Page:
Shoulder Dislocation

The shoulder is made up of a ball and socket joint – the ball-shaped head of the upper arm bone (humerus) articulates in the socket of the glenoid cavity of the shoulder blade (scapula). Despite being the most flexible joint in the body, the bones of the shoulder are highly prone to dislocation. Repeated overhead sports and workplace activities may lead to sliding of the humerus out of the glenoid causing a dislocation.

The dislocation can be partial or complete with symptoms of pain, swelling, weakness, bruising, numbness and shoulder joint instability. Sometimes the dislocation can tear ligaments or tendons in the shoulder, and cause nerve damage. When you present to the clinic with a dislocated shoulder joint, your doctor will examine your shoulder and order an X-ray to confirm the diagnosis.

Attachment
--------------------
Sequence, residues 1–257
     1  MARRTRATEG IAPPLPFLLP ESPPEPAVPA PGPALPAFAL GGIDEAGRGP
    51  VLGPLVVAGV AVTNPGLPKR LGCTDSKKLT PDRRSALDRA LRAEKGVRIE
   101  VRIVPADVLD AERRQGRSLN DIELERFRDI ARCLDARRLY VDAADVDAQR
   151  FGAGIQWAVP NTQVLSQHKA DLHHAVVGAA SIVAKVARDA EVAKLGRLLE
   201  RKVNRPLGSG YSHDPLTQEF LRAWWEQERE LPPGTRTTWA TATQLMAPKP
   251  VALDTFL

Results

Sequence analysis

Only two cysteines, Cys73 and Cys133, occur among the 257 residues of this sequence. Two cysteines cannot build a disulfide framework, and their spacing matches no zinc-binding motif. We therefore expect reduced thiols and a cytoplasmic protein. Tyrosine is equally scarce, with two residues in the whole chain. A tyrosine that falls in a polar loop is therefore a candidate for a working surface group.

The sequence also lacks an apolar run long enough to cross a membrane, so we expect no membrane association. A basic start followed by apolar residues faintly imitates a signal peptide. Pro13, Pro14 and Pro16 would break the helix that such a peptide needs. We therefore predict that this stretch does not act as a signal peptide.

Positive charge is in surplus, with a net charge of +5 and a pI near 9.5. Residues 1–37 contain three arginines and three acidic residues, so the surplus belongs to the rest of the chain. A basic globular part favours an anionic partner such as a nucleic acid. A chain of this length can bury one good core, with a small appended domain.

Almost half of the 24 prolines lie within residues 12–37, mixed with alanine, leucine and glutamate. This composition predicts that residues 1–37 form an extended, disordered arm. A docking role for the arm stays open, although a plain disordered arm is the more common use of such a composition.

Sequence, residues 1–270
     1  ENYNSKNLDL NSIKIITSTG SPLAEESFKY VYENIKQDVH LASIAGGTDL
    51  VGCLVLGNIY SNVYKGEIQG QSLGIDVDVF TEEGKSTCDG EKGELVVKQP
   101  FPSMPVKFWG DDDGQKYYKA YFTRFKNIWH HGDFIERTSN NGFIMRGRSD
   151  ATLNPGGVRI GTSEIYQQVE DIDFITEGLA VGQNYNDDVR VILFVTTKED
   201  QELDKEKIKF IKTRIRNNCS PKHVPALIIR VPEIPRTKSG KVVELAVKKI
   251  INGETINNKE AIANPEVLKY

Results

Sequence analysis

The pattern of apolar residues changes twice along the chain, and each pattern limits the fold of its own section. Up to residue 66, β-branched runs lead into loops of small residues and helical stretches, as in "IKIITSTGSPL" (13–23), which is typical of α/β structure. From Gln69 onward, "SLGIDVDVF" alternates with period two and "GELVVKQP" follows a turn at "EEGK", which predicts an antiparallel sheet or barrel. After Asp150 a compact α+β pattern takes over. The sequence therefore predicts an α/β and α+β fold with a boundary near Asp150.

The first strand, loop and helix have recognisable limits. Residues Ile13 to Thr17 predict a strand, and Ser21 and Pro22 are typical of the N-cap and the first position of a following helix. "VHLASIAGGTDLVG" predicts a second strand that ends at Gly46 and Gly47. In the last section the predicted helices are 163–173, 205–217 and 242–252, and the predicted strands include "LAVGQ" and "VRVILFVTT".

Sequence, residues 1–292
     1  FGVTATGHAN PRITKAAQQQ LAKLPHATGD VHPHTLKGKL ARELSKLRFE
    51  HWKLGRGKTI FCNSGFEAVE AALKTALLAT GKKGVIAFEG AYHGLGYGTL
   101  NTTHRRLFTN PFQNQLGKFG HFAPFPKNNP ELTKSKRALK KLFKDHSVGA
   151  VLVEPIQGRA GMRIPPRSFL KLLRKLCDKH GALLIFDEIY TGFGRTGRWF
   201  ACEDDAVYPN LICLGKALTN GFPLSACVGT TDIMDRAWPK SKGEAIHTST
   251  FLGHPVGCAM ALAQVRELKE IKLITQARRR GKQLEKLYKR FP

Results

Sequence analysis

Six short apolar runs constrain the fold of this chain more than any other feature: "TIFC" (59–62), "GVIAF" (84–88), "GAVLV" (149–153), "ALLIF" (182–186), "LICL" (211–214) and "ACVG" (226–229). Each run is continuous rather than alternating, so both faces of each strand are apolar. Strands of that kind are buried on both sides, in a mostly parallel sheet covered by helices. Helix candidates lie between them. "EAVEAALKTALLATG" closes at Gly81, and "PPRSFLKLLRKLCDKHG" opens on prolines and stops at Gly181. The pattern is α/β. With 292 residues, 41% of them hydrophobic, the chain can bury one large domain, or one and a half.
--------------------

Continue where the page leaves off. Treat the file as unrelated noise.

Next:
The condition is treated by a process called closed reduction, which involves placing the ball of the upper arm back into the socket. Following this, the shoulder will be immobilized with a sling for several weeks. Ice may be applied over the area 3 to 4 times a day to relieve symptoms of pain and swelling. Rehabilitation exercises may be started to restore range of motion, once the pain and swelling decrease.

Other Shoulder Conditions List